Penny For Your Thoughts: Can You Be Pro-Black In Life And Pro-White In Love?
You probably know more about Azealia Banks than I do.
However, I’ve done my homework, and in the process, learned a lot about her. I learned that she’s incredibly feisty and outspoken on social media. I learned that she’s not shy about discussing her sex life. I learned that, despite frequently spouting coarse invective (“fa**ot,” “ni**a” and “b**ch”) about other people on Twitter, she proudly calls herself a feminist and pro-black.
I also learned this: Azealia Banks dates “lots of white guys.”
Now, from what I’ve read, she hasn’t said that she only dates white men. The “only” seems to be implied, and it’s an assumption she’s okay with, especially since someone recently asked her on Instagram why she “dated white dudes with money,” to which she offered this response:
“Because black men take black women for granted and I’m too busy with music to be fighting for my rights at home. I already have to fight for respect with the black men in hip-hop so When I get home I like things to be nice and easy. Make sense?”
Azealia Banks probably meant “Make sense?” as a rhetorical question. But “Make sense?” is something I’d like to attempt to answer here.
Or, better put, it’s something I’d like to hesitantly attempt to answer here. I say “hesitantly” because I know Banks is a lively debater and I would be nervous to actually tangle with her in verbal conflict.
My hesitant response to Banks’ “Make sense?” question would be, “Um…no. Actually, it kind of doesn’t make sense.”
To be clear, in my book, people can and should date whomever they choose. My editor Victoria likes to say, “Love is love,” and I wholeheartedly agree with that declaration. Personally, I have dated all across the rainbow. If you saw the last handful of guys I went out with, you might even think I have a singular preference for white men. But many people hear “I date white men” or “I date white women” and they insert an “only” where it doesn’t belong.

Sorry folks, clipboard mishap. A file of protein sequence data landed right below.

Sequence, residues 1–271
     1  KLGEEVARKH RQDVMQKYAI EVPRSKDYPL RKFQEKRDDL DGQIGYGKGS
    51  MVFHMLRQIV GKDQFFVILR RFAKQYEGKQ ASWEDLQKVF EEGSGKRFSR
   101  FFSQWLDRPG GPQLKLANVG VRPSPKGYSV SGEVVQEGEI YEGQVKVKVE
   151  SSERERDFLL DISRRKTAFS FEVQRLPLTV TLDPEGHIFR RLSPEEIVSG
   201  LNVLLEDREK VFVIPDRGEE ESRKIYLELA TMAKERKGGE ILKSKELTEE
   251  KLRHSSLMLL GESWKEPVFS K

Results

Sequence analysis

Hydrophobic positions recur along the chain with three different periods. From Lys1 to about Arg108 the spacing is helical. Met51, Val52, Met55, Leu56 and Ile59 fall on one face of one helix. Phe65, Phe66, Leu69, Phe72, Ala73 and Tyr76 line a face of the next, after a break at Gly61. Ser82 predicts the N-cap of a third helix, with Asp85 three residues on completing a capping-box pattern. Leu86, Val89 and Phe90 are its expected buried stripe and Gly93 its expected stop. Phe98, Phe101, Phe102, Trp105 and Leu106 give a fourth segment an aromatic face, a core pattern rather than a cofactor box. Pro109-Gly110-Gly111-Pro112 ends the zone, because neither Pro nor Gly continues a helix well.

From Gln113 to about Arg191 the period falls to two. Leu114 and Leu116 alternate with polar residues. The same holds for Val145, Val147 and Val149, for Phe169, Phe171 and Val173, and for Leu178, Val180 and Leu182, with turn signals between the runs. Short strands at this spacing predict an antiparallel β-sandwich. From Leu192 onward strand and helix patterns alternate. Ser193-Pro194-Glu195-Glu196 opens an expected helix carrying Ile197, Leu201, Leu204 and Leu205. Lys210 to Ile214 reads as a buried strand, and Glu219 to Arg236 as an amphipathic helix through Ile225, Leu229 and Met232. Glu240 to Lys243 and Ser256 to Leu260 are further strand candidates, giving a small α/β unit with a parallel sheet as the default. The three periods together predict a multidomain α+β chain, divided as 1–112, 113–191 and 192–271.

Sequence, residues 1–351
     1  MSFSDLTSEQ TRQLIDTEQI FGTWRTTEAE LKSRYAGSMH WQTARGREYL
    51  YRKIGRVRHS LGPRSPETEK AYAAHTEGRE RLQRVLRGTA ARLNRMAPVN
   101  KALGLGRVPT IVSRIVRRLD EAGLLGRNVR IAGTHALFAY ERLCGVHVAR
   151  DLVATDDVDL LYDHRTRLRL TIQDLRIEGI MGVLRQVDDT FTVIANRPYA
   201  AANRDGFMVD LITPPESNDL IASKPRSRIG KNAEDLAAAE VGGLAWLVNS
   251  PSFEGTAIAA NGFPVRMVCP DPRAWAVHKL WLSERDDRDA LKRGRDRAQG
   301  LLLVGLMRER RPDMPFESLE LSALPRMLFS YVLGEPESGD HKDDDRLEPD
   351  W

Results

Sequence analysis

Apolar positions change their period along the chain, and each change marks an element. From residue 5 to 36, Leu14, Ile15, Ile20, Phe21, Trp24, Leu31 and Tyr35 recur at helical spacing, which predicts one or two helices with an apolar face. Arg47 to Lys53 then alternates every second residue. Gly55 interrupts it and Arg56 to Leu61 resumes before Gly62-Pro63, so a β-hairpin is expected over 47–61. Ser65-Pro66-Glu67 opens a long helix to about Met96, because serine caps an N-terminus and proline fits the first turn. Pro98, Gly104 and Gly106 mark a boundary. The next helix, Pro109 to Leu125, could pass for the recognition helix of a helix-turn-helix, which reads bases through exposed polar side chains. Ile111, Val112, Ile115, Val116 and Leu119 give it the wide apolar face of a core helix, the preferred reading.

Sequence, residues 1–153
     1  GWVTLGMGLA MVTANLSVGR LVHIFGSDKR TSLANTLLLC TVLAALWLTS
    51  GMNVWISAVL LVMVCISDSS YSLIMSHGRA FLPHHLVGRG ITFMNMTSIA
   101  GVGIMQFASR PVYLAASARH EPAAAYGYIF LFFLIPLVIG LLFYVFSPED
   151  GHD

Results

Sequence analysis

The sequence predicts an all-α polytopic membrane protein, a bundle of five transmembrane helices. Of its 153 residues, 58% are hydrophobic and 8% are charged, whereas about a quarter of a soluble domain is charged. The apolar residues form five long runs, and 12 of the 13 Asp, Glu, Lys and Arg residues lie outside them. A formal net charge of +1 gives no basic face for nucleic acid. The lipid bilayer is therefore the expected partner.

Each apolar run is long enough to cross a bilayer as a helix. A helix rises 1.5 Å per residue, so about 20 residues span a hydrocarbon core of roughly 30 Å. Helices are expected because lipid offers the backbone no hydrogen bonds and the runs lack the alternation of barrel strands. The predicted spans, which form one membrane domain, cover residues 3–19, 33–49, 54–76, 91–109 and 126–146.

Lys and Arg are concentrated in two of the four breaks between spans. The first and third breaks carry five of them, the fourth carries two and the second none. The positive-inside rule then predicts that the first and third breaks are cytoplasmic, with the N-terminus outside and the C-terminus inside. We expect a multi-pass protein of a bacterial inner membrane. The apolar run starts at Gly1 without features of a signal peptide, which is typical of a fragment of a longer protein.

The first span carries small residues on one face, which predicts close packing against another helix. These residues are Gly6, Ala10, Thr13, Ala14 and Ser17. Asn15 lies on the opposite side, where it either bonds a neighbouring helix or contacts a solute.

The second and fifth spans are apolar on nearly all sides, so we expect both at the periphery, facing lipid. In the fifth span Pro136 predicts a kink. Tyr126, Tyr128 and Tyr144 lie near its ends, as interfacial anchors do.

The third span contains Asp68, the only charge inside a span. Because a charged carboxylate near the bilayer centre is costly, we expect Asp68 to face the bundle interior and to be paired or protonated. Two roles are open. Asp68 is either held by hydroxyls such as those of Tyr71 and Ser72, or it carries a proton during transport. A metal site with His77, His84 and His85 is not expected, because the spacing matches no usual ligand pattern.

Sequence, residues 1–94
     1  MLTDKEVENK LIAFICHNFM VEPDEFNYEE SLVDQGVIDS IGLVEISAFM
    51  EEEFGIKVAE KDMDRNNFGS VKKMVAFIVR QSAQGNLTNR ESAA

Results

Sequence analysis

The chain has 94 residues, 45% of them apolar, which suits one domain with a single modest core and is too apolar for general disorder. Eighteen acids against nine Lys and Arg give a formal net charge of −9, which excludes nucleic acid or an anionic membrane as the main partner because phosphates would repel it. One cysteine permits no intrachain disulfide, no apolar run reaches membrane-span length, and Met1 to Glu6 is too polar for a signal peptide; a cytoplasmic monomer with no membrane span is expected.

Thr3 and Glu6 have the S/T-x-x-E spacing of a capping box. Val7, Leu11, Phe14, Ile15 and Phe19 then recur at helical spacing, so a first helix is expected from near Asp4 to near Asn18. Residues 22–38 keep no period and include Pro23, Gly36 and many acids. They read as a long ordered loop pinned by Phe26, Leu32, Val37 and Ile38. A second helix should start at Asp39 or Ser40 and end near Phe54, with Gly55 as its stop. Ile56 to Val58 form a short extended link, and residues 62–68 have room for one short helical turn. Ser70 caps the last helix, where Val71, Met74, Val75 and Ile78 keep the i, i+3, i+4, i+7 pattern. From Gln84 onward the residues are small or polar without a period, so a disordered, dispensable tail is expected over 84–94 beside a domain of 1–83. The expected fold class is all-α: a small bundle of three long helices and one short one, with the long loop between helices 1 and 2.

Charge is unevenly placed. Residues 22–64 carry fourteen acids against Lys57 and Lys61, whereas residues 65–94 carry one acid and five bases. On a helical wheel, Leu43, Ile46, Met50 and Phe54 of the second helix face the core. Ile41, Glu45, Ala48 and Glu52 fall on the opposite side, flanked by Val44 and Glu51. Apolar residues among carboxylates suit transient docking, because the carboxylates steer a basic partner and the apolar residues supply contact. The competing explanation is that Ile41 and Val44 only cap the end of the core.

Do I date white men? Yes.
Do I only date white men? No.
If someone were to ask me, “Why do you date white men?” My answer would vary, depending on my mood and my audience. I might venture a humorous yet thoughtful response, like,“I grew up as one of only a handful of black kids in a white school. Several of my beloved family members are white (my stepmother and my stepsister). So, hey, what do you expect? An interracial relationship was kind of inevitable.”
Then again, I might act offended at the question itself, and shoot back, “Really? Are people still asking that in 2015?”
But whatever reply I’d give (if I even bothered to give one at all), I’d hasten to avoid what I call, racially escapist reasoning. Meaning, I wouldn’t say (or even imply) that I date white men because there’s something about black men that I don’t like and want to avoid. I wouldn’t make any comparisons about what white men like/do/are/say vs. what black men like/do/are/say. In fact, I wouldn’t bring up black men at all when talking about my decision to date white men. Because frankly, black men have nothing to do with it.
Which is why Banks’ racially escapist reasoning (she basically said, “Black men take black women for granted, so I date white men because they’re nice and easy”) doesn’t make sense to me.
I mean, I get it. But I only get it because I’ve heard it before. The racially escapist explanation for interracial dating is nothing new. For years, people have been similarly defending their relationship choices with some version of “I date white men/women because black men/women are too ____.” (You can fill in the blank with any generalization, like black men/women are too selfish, too aggressive, too mean, too arrogant, too needy, too nagging, too broke, too unfaithful, too untrustworthy, too stingy, too shady, etc.)